How do we know what constitutes a good advertisement? Who can make such a decision and how?
Advertising is usually set among the creative industries and as such it is situated among the arts. University courses in advertising are arts rather than science courses. This schism provides us with some insight into how we might evaluate ads.
Consider the arts perspective. The image, aesthetics, style and cultural impact are significant here. Like a painting, a good advert has cultural impact. It gets people talking.
Guinness knows this. Their television ads are both aesthetically impressive and impactful. They are designed to mesh perfectly with the meaning of the brand. A special type of person drinks Guinness. It’s a marque of intelligence, individuality, refinement. Almost like a fine whisky or fine wine.
Yet all the aesthetic sophistication in the world is inconsequential if the advert doesn’t sell the product. Unlike the work of Anish Kapoor or Martin Creed, it’s not enough for an advert to only be appreciated by art connoisseurs. A good advertisement must have a wide-reaching appeal.
So if we turn to the science perspective, we can examine other evaluative measures. Does the advert enter the mind of the audience? Does it draw attention to the product? Does it make people remember it and want to buy? Is it easy to recall? Does it stoke interest and grab attention?
Here there is less mystery. Here there is technique and technics. Psychology and propaganda rule for the advertising scientist. Aesthetics take a back seat while the crude annoying jingle echoes around the mind, infecting the unwilling soul.
Where the artist connects to pleasure and appreciation, the scientist is concerned with technique and effect. For the scientist the aesthetics are subordinate to psychology and cognitive science. The purpose of colour, movement, and semiotics is to trigger regions of the brain and is a process of strategic manipulation.
As such a ‘good’ advertisement can be brutal, crude and even aesthetically displeasing. Consider the Brand Power or Coles ads. The former is crude and the value of the latter is its capacity to annoy and infect.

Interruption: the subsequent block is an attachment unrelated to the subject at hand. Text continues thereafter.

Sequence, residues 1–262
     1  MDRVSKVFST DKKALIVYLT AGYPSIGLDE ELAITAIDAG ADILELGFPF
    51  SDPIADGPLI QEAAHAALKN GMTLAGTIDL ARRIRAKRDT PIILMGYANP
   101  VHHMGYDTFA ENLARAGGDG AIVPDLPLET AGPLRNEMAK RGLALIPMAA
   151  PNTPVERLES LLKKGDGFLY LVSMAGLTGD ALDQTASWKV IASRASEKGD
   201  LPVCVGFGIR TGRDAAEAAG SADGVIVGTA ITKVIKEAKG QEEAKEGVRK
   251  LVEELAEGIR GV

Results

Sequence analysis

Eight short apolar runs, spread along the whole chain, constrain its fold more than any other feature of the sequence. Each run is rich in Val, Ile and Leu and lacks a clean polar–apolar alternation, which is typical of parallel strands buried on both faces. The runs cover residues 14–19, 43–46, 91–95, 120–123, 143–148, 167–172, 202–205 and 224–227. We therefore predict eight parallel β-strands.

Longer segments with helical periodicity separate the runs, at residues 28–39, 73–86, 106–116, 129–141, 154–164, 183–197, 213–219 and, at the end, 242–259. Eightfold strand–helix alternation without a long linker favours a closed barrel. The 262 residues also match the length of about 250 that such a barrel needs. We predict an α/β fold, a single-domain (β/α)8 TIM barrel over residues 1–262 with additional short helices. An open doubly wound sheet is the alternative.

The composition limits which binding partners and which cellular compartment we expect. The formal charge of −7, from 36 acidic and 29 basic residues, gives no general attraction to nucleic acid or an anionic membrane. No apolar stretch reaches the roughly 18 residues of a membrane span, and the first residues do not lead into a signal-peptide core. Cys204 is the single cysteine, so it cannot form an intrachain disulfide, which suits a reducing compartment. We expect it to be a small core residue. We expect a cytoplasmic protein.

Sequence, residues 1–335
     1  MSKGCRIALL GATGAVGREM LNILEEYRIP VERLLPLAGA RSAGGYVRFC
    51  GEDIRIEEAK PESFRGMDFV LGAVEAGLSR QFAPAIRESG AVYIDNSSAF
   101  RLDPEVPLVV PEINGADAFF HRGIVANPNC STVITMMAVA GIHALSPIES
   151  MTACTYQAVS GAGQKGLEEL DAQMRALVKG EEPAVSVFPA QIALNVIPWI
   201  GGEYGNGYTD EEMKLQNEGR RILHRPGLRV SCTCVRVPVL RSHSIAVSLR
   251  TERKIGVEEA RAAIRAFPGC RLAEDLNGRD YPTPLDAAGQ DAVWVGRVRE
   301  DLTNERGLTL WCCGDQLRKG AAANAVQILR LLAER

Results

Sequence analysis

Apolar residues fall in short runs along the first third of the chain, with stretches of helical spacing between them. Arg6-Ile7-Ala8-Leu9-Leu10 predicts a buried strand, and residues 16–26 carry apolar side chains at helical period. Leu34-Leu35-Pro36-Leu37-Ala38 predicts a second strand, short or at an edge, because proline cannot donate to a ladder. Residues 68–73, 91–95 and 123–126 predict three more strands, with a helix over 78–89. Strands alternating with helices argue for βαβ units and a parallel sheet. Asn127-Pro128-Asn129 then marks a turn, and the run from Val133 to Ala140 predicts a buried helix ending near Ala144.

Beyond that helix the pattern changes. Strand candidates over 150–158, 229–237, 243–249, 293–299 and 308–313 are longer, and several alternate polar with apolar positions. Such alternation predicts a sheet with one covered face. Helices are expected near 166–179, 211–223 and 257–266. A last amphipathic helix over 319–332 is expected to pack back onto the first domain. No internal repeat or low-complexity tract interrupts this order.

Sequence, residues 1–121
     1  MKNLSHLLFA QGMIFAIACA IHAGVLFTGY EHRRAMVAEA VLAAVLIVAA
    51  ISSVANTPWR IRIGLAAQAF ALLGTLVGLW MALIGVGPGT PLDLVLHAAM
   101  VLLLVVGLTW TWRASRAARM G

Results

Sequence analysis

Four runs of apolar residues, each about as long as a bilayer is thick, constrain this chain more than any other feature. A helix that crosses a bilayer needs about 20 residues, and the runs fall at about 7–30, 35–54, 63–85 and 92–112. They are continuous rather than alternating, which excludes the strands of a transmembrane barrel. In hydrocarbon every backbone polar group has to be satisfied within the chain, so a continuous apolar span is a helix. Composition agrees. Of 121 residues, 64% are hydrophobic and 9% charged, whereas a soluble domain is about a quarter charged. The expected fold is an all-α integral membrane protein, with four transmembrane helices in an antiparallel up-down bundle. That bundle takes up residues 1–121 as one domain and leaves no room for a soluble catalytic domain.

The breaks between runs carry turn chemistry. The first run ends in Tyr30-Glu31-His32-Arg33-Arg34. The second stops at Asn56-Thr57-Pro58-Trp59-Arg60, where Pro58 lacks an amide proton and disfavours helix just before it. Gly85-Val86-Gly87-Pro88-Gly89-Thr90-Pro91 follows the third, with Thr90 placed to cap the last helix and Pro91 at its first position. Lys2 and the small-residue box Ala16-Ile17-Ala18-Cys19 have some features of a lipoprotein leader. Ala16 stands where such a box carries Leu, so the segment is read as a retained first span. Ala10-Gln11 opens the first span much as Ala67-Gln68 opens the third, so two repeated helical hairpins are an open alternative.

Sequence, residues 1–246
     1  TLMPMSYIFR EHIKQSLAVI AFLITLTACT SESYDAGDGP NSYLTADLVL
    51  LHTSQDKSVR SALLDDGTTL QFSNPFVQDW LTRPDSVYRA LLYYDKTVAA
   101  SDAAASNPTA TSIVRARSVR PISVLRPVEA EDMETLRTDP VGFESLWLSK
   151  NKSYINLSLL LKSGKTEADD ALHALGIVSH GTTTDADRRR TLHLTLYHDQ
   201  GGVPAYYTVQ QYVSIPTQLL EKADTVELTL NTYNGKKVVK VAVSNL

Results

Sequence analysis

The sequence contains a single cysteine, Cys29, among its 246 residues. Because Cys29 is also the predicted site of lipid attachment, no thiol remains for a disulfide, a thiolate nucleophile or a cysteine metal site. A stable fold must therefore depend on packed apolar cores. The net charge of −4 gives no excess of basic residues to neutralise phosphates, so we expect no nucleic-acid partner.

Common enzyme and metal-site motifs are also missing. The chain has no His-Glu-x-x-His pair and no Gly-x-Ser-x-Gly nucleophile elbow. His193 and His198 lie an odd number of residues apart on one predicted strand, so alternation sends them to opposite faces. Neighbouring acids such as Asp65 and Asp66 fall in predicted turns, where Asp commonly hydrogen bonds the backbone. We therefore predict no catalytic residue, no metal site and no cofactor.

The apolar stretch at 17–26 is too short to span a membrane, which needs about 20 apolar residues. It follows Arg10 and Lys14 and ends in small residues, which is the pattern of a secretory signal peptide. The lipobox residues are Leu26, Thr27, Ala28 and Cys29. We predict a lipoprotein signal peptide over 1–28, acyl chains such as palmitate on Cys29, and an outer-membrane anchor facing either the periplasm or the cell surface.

The principle at work here is that of the song you don’t like but hear just before the radio is turned off and you enter the workplace. It’s that catchy chorus that pursues you through the day, haunting your every move.
Such instrumentality can synch with the reality of a product. In the UK, the Marmite brand used this to its advantage. The marketing company Adam & Eve / DDB realised people have a love-hate relationship with the product, so why not make the most of it?
And so Marmite’s ads focused on people who don’t like the product, with the wording on the brand being changed to ‘I Hate’.
Where conventional wisdom seeks the advertiser to cover up the negative, here we see the very reasonable insight that admitting dislike can entrench positive affirmation of a product. It’s pretty clever stuff. In this instance scientists win out and aesthetics is redundant.
Of course there is no catch-all rule. The imposition of do and don’t principles for advertisers is absurd, yet abound in the teaching of advertising. The point, however, is that there are no set rules. One good advert may be garish and blunt, another may be beautiful and sophisticated. One may soothe, and another may offend.
Does this mean that all is to be abandoned in a postmodern sludge of relativism? On the contrary, we can measure an advert in relation to its appropriateness to the product. A vulgar ad for Rolex is as bad as a sophisticated ad for Fosters.
A good ad is one that knows the particularity of its product and can address that in its advertising. Anything less is bad.